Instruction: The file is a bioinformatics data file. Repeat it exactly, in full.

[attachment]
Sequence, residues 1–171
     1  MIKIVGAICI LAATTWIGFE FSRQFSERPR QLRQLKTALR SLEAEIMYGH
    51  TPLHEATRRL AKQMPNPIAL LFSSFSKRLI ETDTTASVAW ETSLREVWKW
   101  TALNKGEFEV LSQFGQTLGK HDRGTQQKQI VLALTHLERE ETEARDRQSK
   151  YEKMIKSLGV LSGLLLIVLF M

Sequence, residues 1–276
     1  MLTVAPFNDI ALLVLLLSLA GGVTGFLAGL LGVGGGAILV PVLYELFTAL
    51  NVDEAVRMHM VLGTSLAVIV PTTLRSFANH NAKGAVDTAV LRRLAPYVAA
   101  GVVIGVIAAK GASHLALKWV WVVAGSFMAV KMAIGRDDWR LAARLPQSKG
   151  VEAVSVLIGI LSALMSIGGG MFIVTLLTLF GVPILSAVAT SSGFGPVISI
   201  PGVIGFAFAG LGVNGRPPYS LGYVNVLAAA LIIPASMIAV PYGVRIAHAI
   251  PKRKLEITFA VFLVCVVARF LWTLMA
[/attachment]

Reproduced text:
Sequence, residues 1–171
     1  MIKIVGAICI LAATTWIGFE FSRQFSERPR QLRQLKTALR SLEAEIMYGH
    51  TPLHEATRRL AKQMPNPIAL LFSSFSKRLI ETDTTASVAW ETSLREVWKW
   101  TALNKGEFEV LSQFGQTLGK HDRGTQQKQI VLALTHLERE ETEARDRQSK
   151  YEKMIKSLGV LSGLLLIVLF M

Sequence, residues 1–276
     1  MLTVAPFNDI ALLVLLLSLA GGVTGFLAGL LGVGGGAILV PVLYELFTAL
    51  NVDEAVRMHM VLGTSLAVIV PTTLRSFANH NAKGAVDTAV LRRLAPYVAA
   101  GVVIGVIAAK GASHLALKWV WVVAGSFMAV KMAIGRDDWR LAARLPQSKG
   151  VEAVSVLIGI LSALMSIGGG MFIVTLLTLF GVPILSAVAT SSGFGPVISI
   201  PGVIGFAFAG LGVNGRPPYS LGYVNVLAAA LIIPASMIAV PYGVRIAHAI
   251  PKRKLEITFA VFLVCVVARF LWTLMA